Delaware will begin its first phase of a statewide economic reopening on June 1, Gov. John Carney said Friday, contigent upon some positive developments through the end of May.
A stay-at-home order will remain in effect through May 31, and a hotspot of Covid-19 cases in Sussex County must be contained successfully if the state's reopening is to begin, Carney said.
Specifics about what the June 1 reopening will look like were not detailed Friday, but Carney promised to explain more next week. Some small businesses are expected to reopen in the weeks ahead.
"All Delawareans – myself included – are ready to get our economy going again. But our response to COVID-19 has been driven by the science since Day 1 and will continue to be driven by the science," Carney said. "The good news is our numbers in New Castle and Kent counties continue to move in the right direction. That means Delawareans are doing their part. They’ve stayed at home and practiced social distancing."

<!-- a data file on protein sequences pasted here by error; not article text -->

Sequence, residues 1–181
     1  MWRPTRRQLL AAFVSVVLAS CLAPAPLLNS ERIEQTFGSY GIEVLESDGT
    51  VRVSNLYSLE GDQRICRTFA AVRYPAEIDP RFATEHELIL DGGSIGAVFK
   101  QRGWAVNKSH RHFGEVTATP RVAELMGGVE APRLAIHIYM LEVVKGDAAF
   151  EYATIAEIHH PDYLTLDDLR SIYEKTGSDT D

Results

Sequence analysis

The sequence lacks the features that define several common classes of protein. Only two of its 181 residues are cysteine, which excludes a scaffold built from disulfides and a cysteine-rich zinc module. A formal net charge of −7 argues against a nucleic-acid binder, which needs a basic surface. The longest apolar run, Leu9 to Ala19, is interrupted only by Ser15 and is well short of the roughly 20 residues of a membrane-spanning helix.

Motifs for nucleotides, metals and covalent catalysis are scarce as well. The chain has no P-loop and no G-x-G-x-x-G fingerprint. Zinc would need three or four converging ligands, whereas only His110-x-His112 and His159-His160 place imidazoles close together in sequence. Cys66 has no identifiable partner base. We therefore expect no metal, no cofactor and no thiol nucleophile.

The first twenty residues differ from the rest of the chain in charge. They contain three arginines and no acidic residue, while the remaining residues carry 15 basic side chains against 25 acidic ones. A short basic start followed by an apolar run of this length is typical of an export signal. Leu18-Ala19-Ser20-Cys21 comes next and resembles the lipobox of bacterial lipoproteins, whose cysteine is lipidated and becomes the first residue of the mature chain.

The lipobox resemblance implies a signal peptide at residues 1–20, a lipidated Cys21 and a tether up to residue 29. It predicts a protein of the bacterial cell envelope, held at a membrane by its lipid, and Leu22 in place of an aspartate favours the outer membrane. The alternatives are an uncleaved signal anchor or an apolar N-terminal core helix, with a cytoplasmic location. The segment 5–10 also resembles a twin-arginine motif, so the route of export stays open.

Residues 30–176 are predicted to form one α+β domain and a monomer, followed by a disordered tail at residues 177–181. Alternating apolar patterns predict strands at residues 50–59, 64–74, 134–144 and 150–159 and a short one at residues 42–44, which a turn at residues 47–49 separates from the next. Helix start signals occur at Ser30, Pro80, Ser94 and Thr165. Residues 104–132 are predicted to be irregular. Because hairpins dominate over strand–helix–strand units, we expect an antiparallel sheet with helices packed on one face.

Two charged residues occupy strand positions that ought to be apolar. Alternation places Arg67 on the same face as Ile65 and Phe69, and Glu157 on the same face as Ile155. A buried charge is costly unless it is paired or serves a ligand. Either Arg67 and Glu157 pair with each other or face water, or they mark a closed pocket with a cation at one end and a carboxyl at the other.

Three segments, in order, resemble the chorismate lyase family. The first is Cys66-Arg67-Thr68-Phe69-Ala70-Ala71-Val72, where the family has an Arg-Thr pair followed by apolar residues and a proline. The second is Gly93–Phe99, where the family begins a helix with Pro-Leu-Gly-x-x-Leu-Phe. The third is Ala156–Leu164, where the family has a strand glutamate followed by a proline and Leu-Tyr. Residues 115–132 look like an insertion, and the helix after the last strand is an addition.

Delaware is also rolling out, beginning May 8, an extensive testing system for state residents, with the capacity to test up to 80,000 monthly. That will be an increase of four times the current amount of testing being conducted.
Testing will still be prioritized for the following:
- Any symptomatic individual.
- Anyone with known exposure to COVID-19.
- Vulnerable Delaware populations, including elderly Delawareans and members of low-income communities.
- Certain front-line essential workers
Carney said another announcement next week will give details on an expanded contact tracing test system.
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Some small businesses, meanwhile, will begin to reopen this month, though with strict rules in place.
"Over the next couple weeks, we will build on the interim steps we took today, allowing certain small businesses to safely operate curbside, or by appointment only," Carney said. "We have heard the voices of small business owners loud and clear, and expect to move forward with a rolling reopening of Delaware's economy. We will not hesitate to allow additional businesses to open before June 1, if we can do so safely."
Delaware health officials said Friday that an additional 11 state residents died of the COVID-19 disease, bringing the total fatalities to 213. More than 6,000 residents have been infected.